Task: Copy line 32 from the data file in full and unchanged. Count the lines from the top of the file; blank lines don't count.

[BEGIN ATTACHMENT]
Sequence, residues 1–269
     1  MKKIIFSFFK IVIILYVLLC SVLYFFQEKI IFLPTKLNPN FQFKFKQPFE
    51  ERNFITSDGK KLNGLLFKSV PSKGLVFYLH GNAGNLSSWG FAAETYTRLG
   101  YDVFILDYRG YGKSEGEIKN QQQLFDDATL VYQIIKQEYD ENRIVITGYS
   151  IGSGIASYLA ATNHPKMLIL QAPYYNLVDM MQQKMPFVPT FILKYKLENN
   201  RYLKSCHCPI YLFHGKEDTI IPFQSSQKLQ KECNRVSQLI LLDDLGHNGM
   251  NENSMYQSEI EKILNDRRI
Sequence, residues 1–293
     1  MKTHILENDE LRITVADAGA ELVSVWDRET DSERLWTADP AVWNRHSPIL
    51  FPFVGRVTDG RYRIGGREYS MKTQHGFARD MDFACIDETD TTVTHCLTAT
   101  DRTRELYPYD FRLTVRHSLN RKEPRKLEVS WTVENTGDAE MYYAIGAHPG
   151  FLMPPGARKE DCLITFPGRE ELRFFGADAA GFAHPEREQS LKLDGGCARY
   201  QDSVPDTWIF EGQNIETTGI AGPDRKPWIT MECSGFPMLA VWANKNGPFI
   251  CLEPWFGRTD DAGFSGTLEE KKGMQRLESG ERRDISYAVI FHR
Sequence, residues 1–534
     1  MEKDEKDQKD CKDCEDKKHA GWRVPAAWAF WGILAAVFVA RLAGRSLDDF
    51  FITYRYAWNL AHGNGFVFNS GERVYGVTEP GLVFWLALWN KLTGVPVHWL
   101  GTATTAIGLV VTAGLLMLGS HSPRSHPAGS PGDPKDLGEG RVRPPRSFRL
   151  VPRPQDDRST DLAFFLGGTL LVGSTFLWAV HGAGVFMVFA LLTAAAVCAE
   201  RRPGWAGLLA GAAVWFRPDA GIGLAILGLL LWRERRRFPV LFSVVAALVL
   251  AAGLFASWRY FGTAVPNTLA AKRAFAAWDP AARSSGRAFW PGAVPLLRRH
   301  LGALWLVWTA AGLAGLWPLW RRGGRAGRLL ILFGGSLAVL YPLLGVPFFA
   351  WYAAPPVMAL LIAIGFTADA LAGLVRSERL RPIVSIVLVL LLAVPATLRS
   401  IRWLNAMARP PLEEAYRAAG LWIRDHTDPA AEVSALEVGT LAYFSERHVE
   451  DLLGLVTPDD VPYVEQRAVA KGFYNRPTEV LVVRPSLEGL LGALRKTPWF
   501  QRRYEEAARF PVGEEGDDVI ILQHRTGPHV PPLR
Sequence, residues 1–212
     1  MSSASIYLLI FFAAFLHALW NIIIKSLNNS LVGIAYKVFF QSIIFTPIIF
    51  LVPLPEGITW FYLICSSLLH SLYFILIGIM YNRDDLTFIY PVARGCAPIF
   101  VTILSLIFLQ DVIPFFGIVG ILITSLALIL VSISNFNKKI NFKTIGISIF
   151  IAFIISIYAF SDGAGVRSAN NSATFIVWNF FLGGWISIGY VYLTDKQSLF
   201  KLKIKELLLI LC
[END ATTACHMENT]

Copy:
   201  KLKIKELLLI LC